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The Answer to Elitism in Equestrianism? Let them eat cake!

Elitism in the equestrian industry is all too often swept under the carpet. As someone with lived experience of disadvantage who has spent the last decade trying to help people from diverse backgrounds get a handhold onto- and a leg up- into- the horse industry, my heart soared and then swiftly fell when I read Pammy Hutton's recent opinion piece in Horse and Hound Magazine.

In her recent article, the revered Fellow of the British Horse Society, international Dressage rider and trainer and joint principal of the Talland School of Equitation states:

"Outrage and scandal trickle down, via the grassroots, to the non-riding public. It’s agreed there’s an urgent need to preserve our sport and indeed the right to ride at all."

So far, so good, right? It feels so validating to hear one of the old guard acknowledge that, as an industry, we really need to clean up our act where social licence to operate is concerned. However, she then went on to say:

"The general public, who know less than those at the top, will influence our sport’s future."

And there it is, the 'us' and 'them', the perception that Joe Bloggs on the street knows far less about horses than our top riders and the inference that his opinion is somehow less valid. Even if Joe doesn't know his bradoon from his backside, he is just as qualified to call out cruelty when he sees it as anyone else is. You don't have to know how to ride a perfect piaffe to be able to recognise that covering spur marks with shoe-polish or whipping sentient beings around the head (as per Cesar Parra's training practices) is wholly unacceptable. And Pammy's remedy for rescuing the sullied reputation of horse sport?

"..we must appear less elitist by making riders accessible and inviting the public to stroke the horses. Here at Talland, we open up to locals to eat cake while watching the horses."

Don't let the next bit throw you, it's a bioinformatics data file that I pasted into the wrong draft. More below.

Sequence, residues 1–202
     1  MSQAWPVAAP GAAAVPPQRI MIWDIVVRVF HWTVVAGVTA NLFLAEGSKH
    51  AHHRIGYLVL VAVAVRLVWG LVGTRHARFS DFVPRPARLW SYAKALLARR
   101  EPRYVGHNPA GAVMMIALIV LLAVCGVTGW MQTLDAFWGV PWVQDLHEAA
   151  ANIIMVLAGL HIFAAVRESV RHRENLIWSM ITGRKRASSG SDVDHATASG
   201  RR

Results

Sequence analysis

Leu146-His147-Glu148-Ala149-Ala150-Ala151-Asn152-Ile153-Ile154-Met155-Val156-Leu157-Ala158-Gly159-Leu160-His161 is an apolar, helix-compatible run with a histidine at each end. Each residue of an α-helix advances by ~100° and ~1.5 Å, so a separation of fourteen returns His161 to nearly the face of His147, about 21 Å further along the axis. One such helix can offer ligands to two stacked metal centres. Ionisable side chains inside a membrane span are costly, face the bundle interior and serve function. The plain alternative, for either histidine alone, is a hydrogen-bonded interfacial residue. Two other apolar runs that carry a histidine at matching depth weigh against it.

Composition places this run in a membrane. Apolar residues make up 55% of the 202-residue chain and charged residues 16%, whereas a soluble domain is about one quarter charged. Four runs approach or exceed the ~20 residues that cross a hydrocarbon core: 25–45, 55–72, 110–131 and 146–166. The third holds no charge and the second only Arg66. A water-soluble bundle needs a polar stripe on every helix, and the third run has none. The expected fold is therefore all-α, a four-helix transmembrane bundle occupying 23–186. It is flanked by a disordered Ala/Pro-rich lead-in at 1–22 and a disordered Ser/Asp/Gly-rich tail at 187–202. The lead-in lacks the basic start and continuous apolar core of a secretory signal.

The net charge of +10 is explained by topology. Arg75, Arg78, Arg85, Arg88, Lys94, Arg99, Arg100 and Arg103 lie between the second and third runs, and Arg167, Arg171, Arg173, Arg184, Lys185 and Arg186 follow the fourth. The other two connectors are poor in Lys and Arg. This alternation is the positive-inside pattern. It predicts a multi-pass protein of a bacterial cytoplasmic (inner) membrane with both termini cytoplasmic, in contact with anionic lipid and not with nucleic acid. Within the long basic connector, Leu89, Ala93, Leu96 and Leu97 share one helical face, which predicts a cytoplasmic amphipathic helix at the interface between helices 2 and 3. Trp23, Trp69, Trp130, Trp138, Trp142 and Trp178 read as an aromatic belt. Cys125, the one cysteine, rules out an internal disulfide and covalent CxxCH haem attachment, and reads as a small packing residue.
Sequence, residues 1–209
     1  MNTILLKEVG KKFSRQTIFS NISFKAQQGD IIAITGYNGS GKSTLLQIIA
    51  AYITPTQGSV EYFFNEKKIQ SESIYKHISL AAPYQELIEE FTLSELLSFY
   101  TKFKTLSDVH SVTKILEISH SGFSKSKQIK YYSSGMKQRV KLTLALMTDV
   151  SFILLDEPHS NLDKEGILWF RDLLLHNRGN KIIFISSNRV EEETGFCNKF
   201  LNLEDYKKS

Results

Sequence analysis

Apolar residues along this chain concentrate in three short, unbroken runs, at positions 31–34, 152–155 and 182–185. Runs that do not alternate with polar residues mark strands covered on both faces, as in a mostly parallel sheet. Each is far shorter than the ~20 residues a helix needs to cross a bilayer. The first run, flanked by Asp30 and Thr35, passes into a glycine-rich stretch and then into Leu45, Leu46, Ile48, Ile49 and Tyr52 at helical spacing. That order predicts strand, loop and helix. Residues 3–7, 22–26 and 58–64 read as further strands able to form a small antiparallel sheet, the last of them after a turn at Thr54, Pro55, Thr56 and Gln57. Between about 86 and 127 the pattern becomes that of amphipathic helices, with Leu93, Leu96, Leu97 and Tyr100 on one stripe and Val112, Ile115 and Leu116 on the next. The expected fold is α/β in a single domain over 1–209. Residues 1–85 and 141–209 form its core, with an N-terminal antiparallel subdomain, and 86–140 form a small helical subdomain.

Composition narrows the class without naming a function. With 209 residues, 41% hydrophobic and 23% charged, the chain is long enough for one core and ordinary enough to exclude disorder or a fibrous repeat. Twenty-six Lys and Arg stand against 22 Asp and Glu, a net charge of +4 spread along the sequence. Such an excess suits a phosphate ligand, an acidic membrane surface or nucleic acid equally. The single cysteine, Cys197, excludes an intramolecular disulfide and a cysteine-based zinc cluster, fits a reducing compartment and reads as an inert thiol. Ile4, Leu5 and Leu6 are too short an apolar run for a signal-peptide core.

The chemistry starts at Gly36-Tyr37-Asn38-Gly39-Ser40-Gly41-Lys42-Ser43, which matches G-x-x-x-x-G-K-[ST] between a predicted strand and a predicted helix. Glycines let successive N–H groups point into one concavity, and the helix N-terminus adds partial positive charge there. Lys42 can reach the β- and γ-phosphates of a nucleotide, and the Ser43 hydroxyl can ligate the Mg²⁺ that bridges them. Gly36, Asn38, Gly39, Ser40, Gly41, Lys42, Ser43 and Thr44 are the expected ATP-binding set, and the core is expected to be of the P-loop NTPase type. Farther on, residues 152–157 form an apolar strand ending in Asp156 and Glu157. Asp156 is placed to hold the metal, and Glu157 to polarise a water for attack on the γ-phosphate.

And really it doesn't get more tone-deaf than that, does it? Bearing in mind that 'the locals' at Talland, based in the Capital of the Cotswolds, are hardly likely to struggle for access to horses or cake for that matter. There is a belief amongst people who are privileged that combatting elitism in the horse world means allowing those who are not privileged to eat the crumbs at our table. There is a perception that allowing a person to stroke our dressage horse is the same as accessibility in sport or that allowing them to eat cake and watch whilst we sit atop our horses performing fancy movements is tantamount to inclusion.

As author Liz Fosslien has said, “diversity is having a seat at the table, inclusion is having a voice.” It's not enough to give people with lived experience of disadvantage, disability and discrimination a seat at our table. To paraphrase Lilly Singh's words on gender equality, we need to build a better table.

If the equestrian industry is to survive, we need to move past the outdated idea that people who are not horse experts cannot have a say in what is acceptable in equestrianism and what is not. And instead of deigning to let 'the locals' stroke our horses occasionally, we need be looking at ways that we can give a leg-up to those who might never normally get a chance to ride.

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